© 2007 MLB Advanced Media, L.P. All rights reserved.
07/19/07 8:09 PM ET
Notes: Dunn meets with Mackanin
Left fielder doesn't like coming out of games early
By Mark Sheldon / MLB.com
MIAMI -- The timing was uncanny and entirely coincidental. An unfounded trade rumor had circulated Thursday morning reporting that Reds left fielder Adam Dunn was traded to the Brewers. Sure enough by the same afternoon, Dunn emerged from a closed door meeting with interim manager Pete Mackanin and members of the coaching staff. However, Dunn wasn't headed anywhere. Instead, he had something on his mind and wanted to talk with Mackanin about it. Several times, including the previous three games vs. Atlanta, Dunn had been lifted during the late innings for Norris Hopper in left field for defensive purposes. In Tuesday's game, Cincinnati had a six-run lead in the seventh inning. The meeting was viewed as entirely positive. "It was a great conversation," Mackanin said. "At least he expressed it. Every manager loves players that don't want to come out of the game. He didn't come in complaining. He was expressing that he didn't like coming out. It was kind of a 'get it off your chest' good. He's fine with everything." Although a prolific home run hitter, Dunn is considered below average defensively. "I understand a lot of situations. I've got it. I'm not dumb," Dunn said. "We just talked about some situations. [In a] one-run game, I've got it. Sometimes, though, in the seventh inning, there's a lot of game left." "'It's not that I think you're a bad outfielder,'" Mackanin said he told Dunn. "'Hopper is going to get to more balls and has better range. It's that easy. It's not that we think you're going to drop balls.'" Since taking over, Mackanin said he's tried to meet with many of the players individually and build working relationships. "It's important for them to know that I'm approachable," he said. "I prefer if they have a problem, come in and talk to me and I'll do what I can. I think players like a personal touch. It's more important for me to talk to the guys that aren't playing well and show them you're not mad at them." "He's an easy guy to talk to," Dunn said. No deal: Journalistic accountability took a hit Thursday after a Cincinnati radio personality posted an entry on his blog that said the following: "From the MLB rumor mill ... Dunn to Brewers for Matt Wise, Tony Gwynn Jr. and an infield prospect." "It was news to me," Dunn said. "Where does that stuff come from?" A Milwaukee station saw the post and reported it as fact. Both teams' general managers, Wayne Krivsky from the Reds and Doug Melvin from the Brewers, spent parts of their days dismissing the report as baseless. "I'm taking more calls deflecting these kinds of rumors than I've had talking to GMs," said Melvin, whose club is already flush with left-handed-hitting outfielders. "There are freaking geeks who get ... off on this kind of stuff." The non-waiver trade deadline is July 31 and many rumors will circulate for the next couple of weeks. Dunn's name has frequently come up this summer as someone who could be moved to a contender by Cincinnati. Right fielder Ken Griffey Jr. caught wind of the erroneous report. "I knew Dan O'Brien couldn't get enough of you," Griffey joked to Dunn. O'Brien, the former Reds' GM, now works as a Brewers' assistant GM. More bereavement: Reds starter Aaron Harang left the club Wednesday night and returned home to San Diego after his grandfather, Dusty, died. Harang already knew his grandfather passed, but had a well-pitched 7 2/3 innings in a no-decision Wednesday at Atlanta. "He wanted to pitch," Mackanin said. "He said that's what his grandfather would have wanted him to do, which I thought was kind of neat. He had that look in his eye that he wanted to do his best job and he did." Harang is expected to fly back to Cincinnati and make his next start on Monday vs. the Brewers. Reliever Ricky Stone's contract was purchased from Triple-A Louisville to replace Harang on the 25-man roster. To make room for Stone on the 40-man roster, pitcher Eric Milton (elbow) was transferred the 60-day disabled list. Shortstop Alex Gonzalez has not returned from his bereavement leave, which runs out after Friday. Gonzalez has been in Cincinnati since Saturday to be with his ailing 10-month old son and missed his sixth game Thursday. It was not known when Gonzalez might return. If he needs more time past Friday, putting him on the restricted list is an option so the Reds don't have to play shorthanded. "It's a possibility. We're not there yet," Krivsky said. Homer hurting: Top pitching prospect Homer Bailey was placed on the Louisville's seven-day disabled list Thursday because of a strained right groin. Bailey was on the DL with the same injury from May 14-21. Doing well: Former Reds star Ken Griffey Sr. is continuing to recuperate from prostate cancer surgery. Griffey Sr., who had his operation performed July 10 in Miami, hoped to watch his son play during the Marlins series. "I'm fine. I'm relaxing right now and taking it easy," Griffey Sr. said Thursday. "I'll try to go to a game because at this point this season, I haven't seen him play much." Griffey Sr. scouts the Florida State League for the Reds. Coming up: Kyle Lohse (5-11, 4.68) will pitch for the Reds against the Marlins and Scott Olsen (7-7, 5.15) Friday at 7:05 p.m. ET.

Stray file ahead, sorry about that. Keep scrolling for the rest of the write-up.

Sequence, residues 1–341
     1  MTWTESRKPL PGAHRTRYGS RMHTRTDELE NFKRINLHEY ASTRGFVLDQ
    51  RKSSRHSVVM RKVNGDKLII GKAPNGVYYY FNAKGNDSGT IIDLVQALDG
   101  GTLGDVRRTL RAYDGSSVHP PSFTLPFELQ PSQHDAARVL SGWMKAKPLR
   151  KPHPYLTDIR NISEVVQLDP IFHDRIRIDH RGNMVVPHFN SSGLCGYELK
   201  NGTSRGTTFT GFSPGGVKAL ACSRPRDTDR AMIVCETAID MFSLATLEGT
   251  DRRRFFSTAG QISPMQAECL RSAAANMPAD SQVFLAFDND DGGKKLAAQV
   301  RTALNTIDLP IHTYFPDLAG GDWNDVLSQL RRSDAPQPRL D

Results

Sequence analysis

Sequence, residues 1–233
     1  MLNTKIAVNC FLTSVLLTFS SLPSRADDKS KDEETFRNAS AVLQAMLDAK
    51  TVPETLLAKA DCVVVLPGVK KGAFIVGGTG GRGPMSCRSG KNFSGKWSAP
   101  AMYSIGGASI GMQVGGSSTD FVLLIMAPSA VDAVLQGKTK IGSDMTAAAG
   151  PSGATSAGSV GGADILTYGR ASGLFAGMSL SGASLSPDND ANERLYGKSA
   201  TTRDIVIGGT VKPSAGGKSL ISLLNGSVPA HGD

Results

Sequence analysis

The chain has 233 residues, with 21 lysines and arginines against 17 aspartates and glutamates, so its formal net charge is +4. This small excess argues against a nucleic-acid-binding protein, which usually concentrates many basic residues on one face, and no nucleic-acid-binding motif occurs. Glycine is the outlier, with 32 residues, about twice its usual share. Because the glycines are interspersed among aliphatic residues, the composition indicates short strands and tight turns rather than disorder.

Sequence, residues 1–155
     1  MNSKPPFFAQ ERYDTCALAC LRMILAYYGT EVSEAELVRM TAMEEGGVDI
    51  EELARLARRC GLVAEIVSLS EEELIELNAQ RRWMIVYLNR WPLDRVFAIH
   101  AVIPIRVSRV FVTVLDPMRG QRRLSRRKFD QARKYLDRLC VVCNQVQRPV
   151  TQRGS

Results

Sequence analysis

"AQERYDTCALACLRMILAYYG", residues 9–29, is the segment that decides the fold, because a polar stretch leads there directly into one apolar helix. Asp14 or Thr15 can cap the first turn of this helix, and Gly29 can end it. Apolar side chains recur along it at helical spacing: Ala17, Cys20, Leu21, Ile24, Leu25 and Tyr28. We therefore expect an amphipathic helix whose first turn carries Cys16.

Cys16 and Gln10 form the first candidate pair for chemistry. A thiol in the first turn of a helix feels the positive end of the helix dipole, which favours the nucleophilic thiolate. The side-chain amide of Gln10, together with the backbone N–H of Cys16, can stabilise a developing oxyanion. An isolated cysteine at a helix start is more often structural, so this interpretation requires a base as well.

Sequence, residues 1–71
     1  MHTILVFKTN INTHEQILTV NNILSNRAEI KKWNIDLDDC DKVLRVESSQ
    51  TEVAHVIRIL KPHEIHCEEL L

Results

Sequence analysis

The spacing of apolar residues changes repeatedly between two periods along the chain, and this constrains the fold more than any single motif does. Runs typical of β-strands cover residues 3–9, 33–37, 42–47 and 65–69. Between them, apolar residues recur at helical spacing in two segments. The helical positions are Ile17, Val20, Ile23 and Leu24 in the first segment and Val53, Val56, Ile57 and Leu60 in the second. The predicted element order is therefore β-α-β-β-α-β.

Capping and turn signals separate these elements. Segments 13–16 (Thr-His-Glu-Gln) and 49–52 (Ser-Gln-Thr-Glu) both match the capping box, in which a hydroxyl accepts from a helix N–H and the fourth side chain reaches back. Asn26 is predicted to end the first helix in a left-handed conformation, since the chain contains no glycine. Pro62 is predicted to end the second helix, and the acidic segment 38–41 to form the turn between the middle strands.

Mark Sheldon is a reporter for MLB.com. This story was not subject to the approval of Major League Baseball or its clubs.